Like arrays, the Linked List is a linear data structure. Unlike arrays, linked list elements are not stored at a contiguous location; the elements are linked using pointers.
Why use a Linked List over an Array?
Arrays can be used to store linear data of similar types, but arrays have the following limitations:
1) Arrays have a fixed size – so we must know the upper limit (ceiling) on the number of elements in advance. Additionally, in most implementations, the memory allocation is equal to the upper limit regardless of usage.
2) Inserting new elements into an array is expensive because space has to be created for the new elements and to create space, existing elements have to be shifted.
For example, in a system, if we maintain a sorted list of IDs in an array nums.
nums = [100, 101, 105, 200, 206].
And if we want to insert a new ID 104, then to maintain the sorted order, we have to move all the elements after 100 (excluding 100).
Deletion is also expensive with arrays. For example, to delete 101 in nums, everything after 101 has to be shifted.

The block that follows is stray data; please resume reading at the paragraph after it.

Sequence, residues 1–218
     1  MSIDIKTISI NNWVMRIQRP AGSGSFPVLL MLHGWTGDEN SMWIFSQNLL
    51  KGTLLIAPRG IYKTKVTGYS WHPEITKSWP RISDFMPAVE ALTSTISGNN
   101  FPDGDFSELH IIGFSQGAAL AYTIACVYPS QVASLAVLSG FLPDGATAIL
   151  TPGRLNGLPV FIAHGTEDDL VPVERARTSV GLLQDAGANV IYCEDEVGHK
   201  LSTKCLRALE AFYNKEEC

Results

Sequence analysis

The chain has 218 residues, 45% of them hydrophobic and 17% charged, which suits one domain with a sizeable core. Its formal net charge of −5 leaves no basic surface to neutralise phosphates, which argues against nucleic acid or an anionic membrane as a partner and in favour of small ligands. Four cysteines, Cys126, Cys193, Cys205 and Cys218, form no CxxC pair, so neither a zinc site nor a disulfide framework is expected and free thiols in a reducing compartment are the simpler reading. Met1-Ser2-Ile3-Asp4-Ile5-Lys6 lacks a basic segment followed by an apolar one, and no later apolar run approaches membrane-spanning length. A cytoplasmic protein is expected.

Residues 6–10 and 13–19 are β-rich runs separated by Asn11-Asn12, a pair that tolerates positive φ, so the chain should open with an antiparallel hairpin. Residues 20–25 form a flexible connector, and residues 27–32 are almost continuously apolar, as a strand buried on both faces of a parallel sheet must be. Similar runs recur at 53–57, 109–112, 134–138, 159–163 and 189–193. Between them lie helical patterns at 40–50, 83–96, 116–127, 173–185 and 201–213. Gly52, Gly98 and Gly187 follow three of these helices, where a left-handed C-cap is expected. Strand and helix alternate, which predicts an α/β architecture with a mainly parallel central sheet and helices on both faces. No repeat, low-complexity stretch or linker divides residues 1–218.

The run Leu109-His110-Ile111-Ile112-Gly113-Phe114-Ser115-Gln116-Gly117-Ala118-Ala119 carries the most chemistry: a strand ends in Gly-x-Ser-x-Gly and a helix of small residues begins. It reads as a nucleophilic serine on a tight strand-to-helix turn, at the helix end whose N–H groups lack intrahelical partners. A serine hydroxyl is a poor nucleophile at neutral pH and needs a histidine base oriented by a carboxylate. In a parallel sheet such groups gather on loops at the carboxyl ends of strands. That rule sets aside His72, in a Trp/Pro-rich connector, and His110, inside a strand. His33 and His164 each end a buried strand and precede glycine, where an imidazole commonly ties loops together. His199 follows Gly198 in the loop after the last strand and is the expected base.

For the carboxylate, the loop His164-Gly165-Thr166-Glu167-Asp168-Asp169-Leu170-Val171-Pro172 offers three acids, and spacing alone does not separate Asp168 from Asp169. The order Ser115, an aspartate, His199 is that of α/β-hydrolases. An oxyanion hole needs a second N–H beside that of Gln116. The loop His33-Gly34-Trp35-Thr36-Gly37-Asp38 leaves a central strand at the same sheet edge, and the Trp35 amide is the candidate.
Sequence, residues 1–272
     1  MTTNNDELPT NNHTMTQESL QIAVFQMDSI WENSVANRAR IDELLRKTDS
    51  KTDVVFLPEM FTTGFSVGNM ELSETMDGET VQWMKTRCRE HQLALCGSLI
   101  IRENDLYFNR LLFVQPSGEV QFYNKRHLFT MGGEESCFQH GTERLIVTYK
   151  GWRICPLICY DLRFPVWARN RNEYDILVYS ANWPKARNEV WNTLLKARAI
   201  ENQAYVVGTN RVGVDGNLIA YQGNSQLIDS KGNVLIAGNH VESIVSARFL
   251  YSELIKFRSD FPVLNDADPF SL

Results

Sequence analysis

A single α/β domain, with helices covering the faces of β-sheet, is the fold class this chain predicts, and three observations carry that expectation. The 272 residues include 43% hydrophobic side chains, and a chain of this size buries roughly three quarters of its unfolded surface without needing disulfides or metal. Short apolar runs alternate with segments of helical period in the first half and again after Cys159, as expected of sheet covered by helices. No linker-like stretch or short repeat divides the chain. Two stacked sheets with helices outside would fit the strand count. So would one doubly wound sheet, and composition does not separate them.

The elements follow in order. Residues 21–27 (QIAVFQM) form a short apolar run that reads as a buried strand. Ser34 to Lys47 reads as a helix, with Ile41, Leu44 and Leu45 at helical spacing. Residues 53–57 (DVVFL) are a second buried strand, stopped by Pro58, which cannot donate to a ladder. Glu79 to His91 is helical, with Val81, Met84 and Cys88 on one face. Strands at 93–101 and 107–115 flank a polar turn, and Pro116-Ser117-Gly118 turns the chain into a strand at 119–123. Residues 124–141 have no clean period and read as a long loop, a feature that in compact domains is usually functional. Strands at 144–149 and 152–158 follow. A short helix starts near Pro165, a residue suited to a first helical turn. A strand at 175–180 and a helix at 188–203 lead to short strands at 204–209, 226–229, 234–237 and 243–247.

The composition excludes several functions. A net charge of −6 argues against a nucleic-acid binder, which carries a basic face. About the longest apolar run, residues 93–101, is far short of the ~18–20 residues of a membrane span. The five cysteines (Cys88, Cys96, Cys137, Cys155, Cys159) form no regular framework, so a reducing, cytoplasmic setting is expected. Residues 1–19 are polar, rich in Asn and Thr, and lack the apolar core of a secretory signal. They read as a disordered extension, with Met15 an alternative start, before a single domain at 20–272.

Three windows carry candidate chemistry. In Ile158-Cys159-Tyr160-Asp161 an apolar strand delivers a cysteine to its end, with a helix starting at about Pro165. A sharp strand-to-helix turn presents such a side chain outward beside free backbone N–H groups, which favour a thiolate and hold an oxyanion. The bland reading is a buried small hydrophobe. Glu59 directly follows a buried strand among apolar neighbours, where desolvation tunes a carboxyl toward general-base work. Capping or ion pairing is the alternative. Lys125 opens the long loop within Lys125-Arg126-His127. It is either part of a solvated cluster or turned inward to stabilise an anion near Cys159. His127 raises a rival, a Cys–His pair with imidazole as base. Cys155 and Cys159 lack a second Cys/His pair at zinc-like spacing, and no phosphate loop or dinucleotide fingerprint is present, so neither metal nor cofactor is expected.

Advantages over arrays:
- Dynamic size
- Ease of insertion/deletion
- Random access is disallowed. We must access elements sequentially starting from the first node and then traverse the list until we reach the element we are seeking. So an efficient binary search is not an option with linked lists in their default implementation.
- The more segments a list is broken into the more overhead there is for locating the next linked element.
- Extra memory space for a pointer is required with each element of the list.
- Not cache friendly. Since array elements are contiguous locations, there is locality of reference which is not the case for linked lists.
A linked list is represented by a pointer to the first node of the linked list. The first node is called the head. If the linked list is empty, then the value of the head is NULL.
Each node in a list consists of at least two parts:
2) Pointer (Or Reference) to the next node